24 When the US Crashed, the V dropped dramatically MV=PY M=Money Supply P=General Price Level V=Velocity Y=Real Income Quantity of Money Formula for Inflation

25 The Velocity of Money GDP to Adjusted Monetary Base Source: St. Louis Fed, US BEA

26 The Value of M Is the Size of the Money Supply Get your arms around how money is created Printing press – the US Government creates out of thin air Lending – banks and other institutions create out of thin air through fractional reserve, short borrowing versus long lending

27 The Fed Was Injecting Cash with Quantitative Easing, Increasing M

28 The Added Money Was Offset By Less Velocity

29 It Hasnt Worked, So Now Fed Is Printing Dollars The Federal Reserve controls the printing presses of the US The Fed does NOT have a bank account. Any purchase they make (like of securities in the marketplace) is done with newly printed dollars The First $1.5 trillion didnt restart economy, but it has caused dollar devaluation. What will happen next?

30 Tug of War Between The Forces of Money Creation Why is the sheer force of printing money not working? Because at the same time, we are busy destroying money in other places

31 Lending Dollars Into Existence (fractional reserve) Banks are required to hold a percentage of deposits (a fraction), they lend out the rest. If they do not lend, they do not collect interest and cannot pay their depositors. If a deposit is made for $1,000, the bank can lend $900, thereby creating $900 out of thin air. But the other side of the journal entry of the loan to the borrower, is the note that the borrower owes back to the bank.

32 Government $14Trn Financial $17Trn Corporate $11Trn Consumer $14Trn Total: $56 Trn ! Total U.S. Debt - 2008 Source: Federal Reserve Flow of Funds Report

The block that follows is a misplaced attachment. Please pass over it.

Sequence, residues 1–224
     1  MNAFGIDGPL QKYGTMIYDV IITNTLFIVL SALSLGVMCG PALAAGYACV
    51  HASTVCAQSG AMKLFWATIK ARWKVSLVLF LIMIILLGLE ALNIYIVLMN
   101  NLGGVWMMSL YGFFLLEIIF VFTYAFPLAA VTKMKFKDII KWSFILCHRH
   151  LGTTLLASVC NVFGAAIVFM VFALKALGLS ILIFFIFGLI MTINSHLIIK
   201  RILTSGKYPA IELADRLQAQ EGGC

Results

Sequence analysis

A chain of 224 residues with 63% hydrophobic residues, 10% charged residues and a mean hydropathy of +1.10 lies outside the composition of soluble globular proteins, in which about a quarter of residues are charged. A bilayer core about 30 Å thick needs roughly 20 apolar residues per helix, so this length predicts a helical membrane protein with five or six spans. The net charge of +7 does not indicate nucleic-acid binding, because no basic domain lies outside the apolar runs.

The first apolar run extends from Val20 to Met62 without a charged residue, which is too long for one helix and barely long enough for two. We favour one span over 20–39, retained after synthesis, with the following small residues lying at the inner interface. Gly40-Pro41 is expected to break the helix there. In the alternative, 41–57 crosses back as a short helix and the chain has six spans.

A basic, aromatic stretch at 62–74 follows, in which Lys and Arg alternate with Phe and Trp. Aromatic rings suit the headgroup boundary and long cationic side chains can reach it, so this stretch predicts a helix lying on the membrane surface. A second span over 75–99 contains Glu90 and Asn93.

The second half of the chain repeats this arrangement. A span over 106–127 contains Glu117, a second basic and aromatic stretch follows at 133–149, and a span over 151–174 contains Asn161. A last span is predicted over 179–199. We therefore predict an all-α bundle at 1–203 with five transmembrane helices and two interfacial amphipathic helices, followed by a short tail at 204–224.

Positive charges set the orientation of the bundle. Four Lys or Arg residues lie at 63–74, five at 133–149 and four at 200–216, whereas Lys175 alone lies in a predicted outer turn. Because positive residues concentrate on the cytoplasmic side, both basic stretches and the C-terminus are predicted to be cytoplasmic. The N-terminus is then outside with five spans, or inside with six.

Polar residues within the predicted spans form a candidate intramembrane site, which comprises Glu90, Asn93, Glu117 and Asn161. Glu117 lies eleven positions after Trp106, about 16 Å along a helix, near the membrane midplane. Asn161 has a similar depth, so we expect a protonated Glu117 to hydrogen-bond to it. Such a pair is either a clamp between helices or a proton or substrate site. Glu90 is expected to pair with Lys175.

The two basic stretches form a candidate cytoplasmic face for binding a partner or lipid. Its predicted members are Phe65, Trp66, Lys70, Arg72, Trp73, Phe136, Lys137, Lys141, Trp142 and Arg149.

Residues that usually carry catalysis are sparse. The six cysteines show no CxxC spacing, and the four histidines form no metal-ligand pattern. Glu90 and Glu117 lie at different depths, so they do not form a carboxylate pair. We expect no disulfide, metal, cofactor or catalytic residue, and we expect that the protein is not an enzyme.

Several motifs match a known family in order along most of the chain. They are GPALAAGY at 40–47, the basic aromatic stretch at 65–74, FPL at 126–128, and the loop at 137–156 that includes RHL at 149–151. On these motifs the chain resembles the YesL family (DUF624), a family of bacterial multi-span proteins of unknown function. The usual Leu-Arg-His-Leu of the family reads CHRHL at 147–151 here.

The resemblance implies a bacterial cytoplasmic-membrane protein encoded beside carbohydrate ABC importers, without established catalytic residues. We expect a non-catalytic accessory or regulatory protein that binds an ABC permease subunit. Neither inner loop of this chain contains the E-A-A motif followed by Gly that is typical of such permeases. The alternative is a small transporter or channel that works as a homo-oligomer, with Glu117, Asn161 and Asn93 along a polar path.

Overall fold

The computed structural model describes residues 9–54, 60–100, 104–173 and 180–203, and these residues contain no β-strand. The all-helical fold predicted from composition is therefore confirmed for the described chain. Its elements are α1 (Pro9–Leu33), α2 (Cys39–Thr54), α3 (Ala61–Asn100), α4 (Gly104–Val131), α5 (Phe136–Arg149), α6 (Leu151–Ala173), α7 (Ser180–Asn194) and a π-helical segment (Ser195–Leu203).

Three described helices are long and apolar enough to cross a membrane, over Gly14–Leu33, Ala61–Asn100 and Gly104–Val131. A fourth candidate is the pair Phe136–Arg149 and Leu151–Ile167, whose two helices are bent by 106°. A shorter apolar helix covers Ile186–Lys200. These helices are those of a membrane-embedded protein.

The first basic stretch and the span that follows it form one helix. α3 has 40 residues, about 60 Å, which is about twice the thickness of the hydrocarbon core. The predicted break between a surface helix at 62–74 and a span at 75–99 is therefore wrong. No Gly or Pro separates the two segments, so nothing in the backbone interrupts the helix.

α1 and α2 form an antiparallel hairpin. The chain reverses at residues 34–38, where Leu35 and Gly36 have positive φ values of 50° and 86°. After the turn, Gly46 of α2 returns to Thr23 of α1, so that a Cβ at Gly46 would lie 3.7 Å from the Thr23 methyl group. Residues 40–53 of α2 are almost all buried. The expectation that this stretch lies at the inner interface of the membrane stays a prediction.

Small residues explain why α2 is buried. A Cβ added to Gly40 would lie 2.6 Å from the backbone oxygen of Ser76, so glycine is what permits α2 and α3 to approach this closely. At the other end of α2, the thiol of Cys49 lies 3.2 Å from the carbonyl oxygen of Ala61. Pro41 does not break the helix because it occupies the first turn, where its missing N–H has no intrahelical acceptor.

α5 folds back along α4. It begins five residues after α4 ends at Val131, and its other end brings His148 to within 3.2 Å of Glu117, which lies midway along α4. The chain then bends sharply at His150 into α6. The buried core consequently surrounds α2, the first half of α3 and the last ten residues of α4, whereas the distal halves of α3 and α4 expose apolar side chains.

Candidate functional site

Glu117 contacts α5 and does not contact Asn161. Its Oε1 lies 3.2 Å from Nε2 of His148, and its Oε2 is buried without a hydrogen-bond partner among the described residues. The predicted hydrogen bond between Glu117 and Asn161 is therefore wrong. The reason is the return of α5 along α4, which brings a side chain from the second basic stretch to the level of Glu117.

33 Money Creation Works Both Ways But it is already taking place, just not at the Fed. When any debtor either pays back a loan created through fractional reserve, or has a loan canceled (foreclosure, modification, etc.) then money supply has been contracted. Go back to the $1,000 deposit with the $900 loan. Money supply went from $1,000 to $1,900 when counting both the deposit and the loan. If the borrower of the new $900 pays off the loan, then money supply shrinks back to just $1,000. This is going on at a rapid pace as we pay down debts and see massive liquidations, bankruptcies, and foreclosures.

34 Change in U.S. Debt Outstanding 2000 - 2010 Source: Federal Reserve Flow of Funds Report (FRB Z1), including Domestic Financial Sector

35 The Fed Is Pouring Money In While Borrowers and Lenders are Leaking Money Out Amount of Money in the Economy The Money Supply Fight

36 The Business Cycle and Seasons of the Economy

37 Combining Generational Spending Trends, Inflation, and Interest Rates 40 year generations Predictable consumer spending Workforce pressure on inflation Ebb & flow of interest rates

38 Spring Summer FallWinter Stocks/ Economy Generation Spending Boom Simple Four Season Economic Cycle Two Forty-Year Generation Boom/Bust Cycles

39 Spring Summer FallWinter Stocks/ Economy Generation Spending Boom Consumer Prices/ Inflation Simple Four Season Economic Cycle Eighty Years in Modern Times

40 VIDEO Chris Martenson, Crash Course Fuzzy Numbers

41 Investing In Each Season What you are told vs. what really happens

42 Source: Advisory World, HS Dent 1970-2007 Efficient Frontier, 1970-2007

43 Source: Advisory World, HS Dent 1970s 1970-2007 Efficient Frontier, 1970-2007 and 1970s

44 Source: Advisory World, HS Dent 1980s 1970s 1970-2007 Efficient Frontier, 1970-2007 and 1970s, 1980s

45 Source: Advisory World, HS Dent 1990s 1980s 1970s 1970-2007 Efficient Frontier, 1970-2007 and 1970s, 1980s, 1990s

46 Source: Advisory World, HS Dent 1990s 1980s 1970s 2000s 1970-2007 Article #5 MPT/Markowitz Return (%) Efficient Frontier, 1970-2007 and 1970s, 1980s, 1990s, 2000s

47 Bond Yields 1928-1933

48 Attention, Demographics, and the Stock Market Stephano DellaVigna and Joshua M. Pollet March 2005

49 Attention, Demographics, and the Stock Market, 2005 Their findings are consistent with H.S. Dent: Taken as a whole, the evidence suggests that changes in age structure of the population have the power to influence consumption demand in a substantial and consistent manner.

50 Attention, Demographics, and the Stock Market, 2005 What people THINK happens – Efficient Market Hypothesis What really DOES happen – inefficient distribution, understanding, and comprehension of important data